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     Volume 7 Issue 21 | May 23, 2008 |

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The Dramas of Our Lives

Kajalie Shehreen Islam

Mid-1980s Romania, during the dictatorship of Nicolae Ceauescu. Two friends, Gabita and Otilia, spend the day preparing for Gabita's abortion, illegal in the country at the time. When the hour finally draws near, they are forced to give in to the sexual demands of the black market doctor in exchange for his carrying out the operation. It is a day in both the women's lives they promise never to talk about, but it is also not one they will ever forget.

The ups and downs of young love are a common theme in our drama serials.

This is the storyline of Cristian Mungiu's 4 months, 3 weeks & 2 days, which won the Palme d'Or and FIBRESCI awards at the 2007 Cannes Film Festival, among a host of other international prizes. Long, unbroken takes, the jerking of a hand-held camera, silence when there is nothing more to be said than what the faces express, all make the film tension-ridden and realistic, immersing the viewer in that one day in the lives of the two women.

It is difficult to come up with such reality-based or thought-provoking films and dramas in our own country. The alternative stream of cinema has made some progress, but mainstream cinema is far from thought-provoking or even realistic. It may be argued that films are for entertainment, but not exclusively so. They should have objectives, messages they want to give, and while a genre of film may be fantasy, every film being melodramatic to the point of unreal cannot attract audiences for long. For, though we may look for avenues of escape from our own everyday problems, the solution is not always and only fantasy. Sometimes, we expect something more real, even on screen, something we can actually relate to, something to which we can say, “God, what if this happened to me?”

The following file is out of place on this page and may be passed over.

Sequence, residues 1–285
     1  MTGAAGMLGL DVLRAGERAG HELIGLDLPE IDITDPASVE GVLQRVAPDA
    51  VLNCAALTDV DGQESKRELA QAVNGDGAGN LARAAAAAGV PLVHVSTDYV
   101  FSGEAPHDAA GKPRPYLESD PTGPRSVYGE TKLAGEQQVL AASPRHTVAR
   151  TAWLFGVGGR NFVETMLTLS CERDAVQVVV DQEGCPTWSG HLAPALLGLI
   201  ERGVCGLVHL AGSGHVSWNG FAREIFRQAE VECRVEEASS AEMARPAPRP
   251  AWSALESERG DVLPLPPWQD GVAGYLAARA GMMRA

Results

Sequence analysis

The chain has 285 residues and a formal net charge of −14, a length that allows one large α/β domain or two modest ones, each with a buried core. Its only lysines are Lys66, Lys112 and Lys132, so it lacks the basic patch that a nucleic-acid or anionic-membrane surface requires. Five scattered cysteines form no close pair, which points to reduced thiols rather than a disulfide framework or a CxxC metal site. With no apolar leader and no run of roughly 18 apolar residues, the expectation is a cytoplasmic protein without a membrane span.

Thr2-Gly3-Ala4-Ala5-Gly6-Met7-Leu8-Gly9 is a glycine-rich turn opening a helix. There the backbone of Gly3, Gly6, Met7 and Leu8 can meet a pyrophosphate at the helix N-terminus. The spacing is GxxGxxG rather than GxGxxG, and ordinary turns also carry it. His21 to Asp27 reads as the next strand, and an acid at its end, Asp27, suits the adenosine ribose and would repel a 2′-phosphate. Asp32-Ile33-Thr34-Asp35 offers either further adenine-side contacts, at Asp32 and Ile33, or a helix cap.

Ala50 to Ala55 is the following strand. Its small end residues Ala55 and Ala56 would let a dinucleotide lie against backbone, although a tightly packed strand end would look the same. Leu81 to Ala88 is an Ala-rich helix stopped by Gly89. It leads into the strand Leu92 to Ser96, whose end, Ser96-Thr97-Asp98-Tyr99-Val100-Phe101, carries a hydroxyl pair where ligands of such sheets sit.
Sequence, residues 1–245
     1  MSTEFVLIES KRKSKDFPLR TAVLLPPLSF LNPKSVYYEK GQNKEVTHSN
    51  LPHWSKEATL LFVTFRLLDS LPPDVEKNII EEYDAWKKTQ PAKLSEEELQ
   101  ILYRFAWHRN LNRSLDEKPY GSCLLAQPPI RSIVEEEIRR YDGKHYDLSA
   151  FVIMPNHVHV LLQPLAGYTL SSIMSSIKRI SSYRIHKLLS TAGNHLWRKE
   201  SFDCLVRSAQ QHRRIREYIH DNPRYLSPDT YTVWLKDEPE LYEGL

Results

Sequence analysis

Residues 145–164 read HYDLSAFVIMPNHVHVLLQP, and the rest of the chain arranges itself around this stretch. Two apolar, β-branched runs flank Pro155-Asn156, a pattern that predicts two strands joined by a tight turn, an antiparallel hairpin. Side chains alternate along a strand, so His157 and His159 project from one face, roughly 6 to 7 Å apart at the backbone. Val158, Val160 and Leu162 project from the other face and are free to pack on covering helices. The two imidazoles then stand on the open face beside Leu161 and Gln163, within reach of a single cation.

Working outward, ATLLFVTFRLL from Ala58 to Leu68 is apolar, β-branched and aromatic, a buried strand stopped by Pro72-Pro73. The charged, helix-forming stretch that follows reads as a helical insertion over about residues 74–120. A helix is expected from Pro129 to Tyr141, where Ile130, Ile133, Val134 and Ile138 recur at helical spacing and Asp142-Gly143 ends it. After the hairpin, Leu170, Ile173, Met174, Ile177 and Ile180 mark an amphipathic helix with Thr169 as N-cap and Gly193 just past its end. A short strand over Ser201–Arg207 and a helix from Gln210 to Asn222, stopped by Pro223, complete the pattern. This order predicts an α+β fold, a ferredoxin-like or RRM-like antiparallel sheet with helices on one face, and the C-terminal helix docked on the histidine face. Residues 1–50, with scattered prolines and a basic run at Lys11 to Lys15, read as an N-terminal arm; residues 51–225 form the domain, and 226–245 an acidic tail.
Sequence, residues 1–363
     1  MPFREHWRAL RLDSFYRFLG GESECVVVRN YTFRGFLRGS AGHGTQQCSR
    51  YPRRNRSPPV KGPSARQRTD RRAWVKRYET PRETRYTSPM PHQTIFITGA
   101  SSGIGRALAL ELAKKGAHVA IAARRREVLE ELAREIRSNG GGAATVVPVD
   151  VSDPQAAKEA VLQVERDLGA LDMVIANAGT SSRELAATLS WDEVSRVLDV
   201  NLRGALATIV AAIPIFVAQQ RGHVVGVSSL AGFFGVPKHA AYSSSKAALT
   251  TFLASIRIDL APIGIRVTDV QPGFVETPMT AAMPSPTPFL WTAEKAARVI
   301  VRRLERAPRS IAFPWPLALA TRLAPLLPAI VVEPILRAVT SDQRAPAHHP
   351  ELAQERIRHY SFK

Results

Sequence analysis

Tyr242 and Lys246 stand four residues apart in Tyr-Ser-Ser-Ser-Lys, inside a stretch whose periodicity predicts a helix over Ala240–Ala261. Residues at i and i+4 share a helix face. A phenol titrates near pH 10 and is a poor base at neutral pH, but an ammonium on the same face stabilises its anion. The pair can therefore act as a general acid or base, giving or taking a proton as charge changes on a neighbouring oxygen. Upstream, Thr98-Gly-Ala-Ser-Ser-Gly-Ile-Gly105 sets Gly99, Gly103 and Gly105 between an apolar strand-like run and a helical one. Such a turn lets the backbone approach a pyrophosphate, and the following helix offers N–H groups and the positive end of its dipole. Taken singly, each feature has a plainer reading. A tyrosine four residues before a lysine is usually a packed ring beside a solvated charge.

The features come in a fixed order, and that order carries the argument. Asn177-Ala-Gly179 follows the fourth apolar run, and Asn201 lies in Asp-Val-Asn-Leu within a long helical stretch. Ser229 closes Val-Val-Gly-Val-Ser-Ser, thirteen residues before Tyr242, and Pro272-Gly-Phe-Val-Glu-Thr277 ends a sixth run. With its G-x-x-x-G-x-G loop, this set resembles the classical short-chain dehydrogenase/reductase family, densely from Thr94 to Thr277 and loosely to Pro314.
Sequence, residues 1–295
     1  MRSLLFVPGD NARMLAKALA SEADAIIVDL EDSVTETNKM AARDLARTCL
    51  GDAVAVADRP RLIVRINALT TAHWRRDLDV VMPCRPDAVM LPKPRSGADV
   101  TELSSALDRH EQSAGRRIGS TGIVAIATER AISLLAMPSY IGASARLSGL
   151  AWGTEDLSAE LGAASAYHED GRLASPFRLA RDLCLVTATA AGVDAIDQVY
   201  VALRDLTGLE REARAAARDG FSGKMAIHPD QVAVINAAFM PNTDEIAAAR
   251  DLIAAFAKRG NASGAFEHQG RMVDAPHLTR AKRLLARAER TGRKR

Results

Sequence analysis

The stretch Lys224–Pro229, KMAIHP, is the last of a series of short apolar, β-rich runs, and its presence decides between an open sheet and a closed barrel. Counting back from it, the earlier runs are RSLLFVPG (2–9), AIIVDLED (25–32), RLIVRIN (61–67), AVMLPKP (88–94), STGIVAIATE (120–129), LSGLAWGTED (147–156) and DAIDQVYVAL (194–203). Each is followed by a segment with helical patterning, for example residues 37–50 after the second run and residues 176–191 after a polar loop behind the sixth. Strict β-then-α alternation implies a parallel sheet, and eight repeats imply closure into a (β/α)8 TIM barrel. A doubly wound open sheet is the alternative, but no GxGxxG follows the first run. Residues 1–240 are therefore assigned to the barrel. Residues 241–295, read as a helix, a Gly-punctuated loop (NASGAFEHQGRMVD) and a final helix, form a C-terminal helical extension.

Never mind mainstream cinema (which is no longer a very popular or even respected mode of entertainment for most middle-class Bangladeshis anyway) or alternative films, which do not reach the majority of local audiences, but look at the hundreds of dramas, daily soaps and mega-serials aired on every television channel, every half hour, every day of the week. How much of boy-meets-pursues-convinces-marries-girl followed by their domestic problems can people take in a day? Why should they either, when there are so many other problems in a society as poverty-stricken and conflict-ridden as ours?

A scene from the new drama "Doinik Tolpaar".

Many of these dramas are targeted at middle-class urban youth, but finding the perfect mate is not the only problem of this group. Few dramas talk about the frustrations of unemployment or corruption in society, the escalating drug problem or even campus life beyond, again, the boy-meets-girl syndrome. As for women, their only problems are not with their boyfriends and mothers- and sisters-in-law. They also go out on the street, to school, work, use public transport, and do not always consider the pursuit of the neighbourhood thugs or even classmates, to the point of sexual harassment, to be romantic. As far as older people are concerned, their problems also range beyond the home and children to the work environment, making ends meet and struggling daily with social problems and moral dilemmas.